The Mystery of Ireland’s Secret Agreement with the UK for Air Defense

The Mystery of Ireland’s Secret Agreement with the UK for Air Defense

The Irish government is facing demands to clarify details of a secret agreement with the UK for Royal Air Force (RAF) aircraft to help defend Irish airspace in an emergency. Sinn Fein is insisting that the government elaborate on the deal to ensure it’s not breaking Ireland’s cherished neutrality, while an independent senator is taking a High Court case to force the government to put the details before the Irish parliament. The Anglo-Irish deal is believed to allow for British Typhoon jets, most likely taking off from RAF Lossiemouth in Scotland, to intercept threats in the Irish Flight Information Region (FIR), the offshore airspace in which Ireland is responsible for civil aviation safety and air traffic control, as well as transiting through Irish sovereign airspace. The existence of the RAF deal has been an open secret among Irish pilots.

Why the Deal Exists

Ireland lacks a primary radar system capable of detecting, for example, Russian military aircraft once they turn off their transponders. Additionally, Ireland does not have any aircraft that can fly high or fast enough to interdict such a threat and identify it visually. Ireland’s only combat aircraft is the Swiss-made Pilatus PC-9, a turboprop airplane equipped with two machine-guns, which has an effective operating ceiling of just 10,000 feet, well below the altitude where Russian bombers or airliners cruise. The existence of the RAF deal was an “open secret” among Irish pilots, who were never officially briefed about it. Although the agreement dates back to 1952, it was never officially confirmed, and the Irish Times reported it only recently.

The Irish government is not willing to comment on the existence of the deal. The tanaiste and defense minister, Micheal Martin, declined to comment directly on the agreement, but he did not deny its existence. The British government is equally reluctant to comment on any arrangement. Last November, the Armed Forces minister James Heappey told the Commons that “RAF jets have deployed into Irish airspace on occasion. It is for the Irish Government to set out their policy on why, when and how.”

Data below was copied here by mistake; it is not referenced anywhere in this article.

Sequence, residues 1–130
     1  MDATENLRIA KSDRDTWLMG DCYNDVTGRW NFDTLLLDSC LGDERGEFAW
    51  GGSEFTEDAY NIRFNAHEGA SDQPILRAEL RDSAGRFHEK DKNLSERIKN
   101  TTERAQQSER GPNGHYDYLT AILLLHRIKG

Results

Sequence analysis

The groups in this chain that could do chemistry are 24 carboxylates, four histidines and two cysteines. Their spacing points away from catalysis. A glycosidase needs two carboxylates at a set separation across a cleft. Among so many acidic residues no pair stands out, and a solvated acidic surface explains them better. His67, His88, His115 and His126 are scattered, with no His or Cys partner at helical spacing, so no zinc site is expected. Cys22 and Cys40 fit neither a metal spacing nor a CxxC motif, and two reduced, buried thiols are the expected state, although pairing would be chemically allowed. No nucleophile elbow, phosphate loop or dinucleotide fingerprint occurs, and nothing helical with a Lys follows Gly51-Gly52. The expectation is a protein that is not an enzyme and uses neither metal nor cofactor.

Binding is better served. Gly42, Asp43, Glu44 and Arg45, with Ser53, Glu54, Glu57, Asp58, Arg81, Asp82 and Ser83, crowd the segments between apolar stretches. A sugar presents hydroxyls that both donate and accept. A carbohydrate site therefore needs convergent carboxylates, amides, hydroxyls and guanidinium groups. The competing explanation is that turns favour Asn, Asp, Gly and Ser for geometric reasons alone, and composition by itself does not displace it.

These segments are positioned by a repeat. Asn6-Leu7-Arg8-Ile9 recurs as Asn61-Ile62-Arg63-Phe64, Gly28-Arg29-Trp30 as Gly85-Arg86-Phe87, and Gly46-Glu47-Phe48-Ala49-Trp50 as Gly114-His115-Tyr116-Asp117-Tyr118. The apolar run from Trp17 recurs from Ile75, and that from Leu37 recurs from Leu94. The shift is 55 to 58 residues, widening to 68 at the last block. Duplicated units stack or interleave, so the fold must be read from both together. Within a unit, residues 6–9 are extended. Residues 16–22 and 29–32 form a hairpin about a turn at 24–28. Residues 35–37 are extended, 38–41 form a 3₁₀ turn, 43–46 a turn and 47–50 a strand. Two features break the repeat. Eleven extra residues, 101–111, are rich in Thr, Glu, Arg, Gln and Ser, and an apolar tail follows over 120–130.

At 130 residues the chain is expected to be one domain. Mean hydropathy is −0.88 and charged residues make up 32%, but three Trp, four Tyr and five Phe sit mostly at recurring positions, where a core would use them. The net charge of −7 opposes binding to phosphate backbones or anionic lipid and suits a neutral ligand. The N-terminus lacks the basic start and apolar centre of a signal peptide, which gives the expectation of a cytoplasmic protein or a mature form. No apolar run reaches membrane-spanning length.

Legal Challenges and Political Pressure

The veil of secrecy thrown over the arrangement by the Irish government may be a contributory factor to the embarrassment of relying on British help, a century after independence. Professor of policing and national security at the University of Central Lancashire, Michael Mulqueen, has interviewed various high-ranking Irish defense officials as part of his academic research and spoken to them about the secret deal with the UK. He says he is in no doubt that such an arrangement is in place, but there are legal difficulties about how it might actually work, including a serious question over the legality of a British pilot taking lethal action while in Irish-controlled airspace.

Sinn Fein, Ireland’s main opposition party, is demanding answers and seeks more information from the government to clarify the “legal and constitutional matters” arising from the arrangement. Independent senator Gerard Craughwell has taken a case to the Irish High Court on the grounds that the arrangement is unconstitutional. Craughwell believes that the deal is “an impermissible dilution of sovereignty.” The Irish government maintains that the senator does not have the legal standing to take the case.

In conclusion, until Ireland invests in its military and buys fighter jets to defend its airspace, it will continue to rely on its former colonial master, the UK, to defend itself should a crisis emerge.


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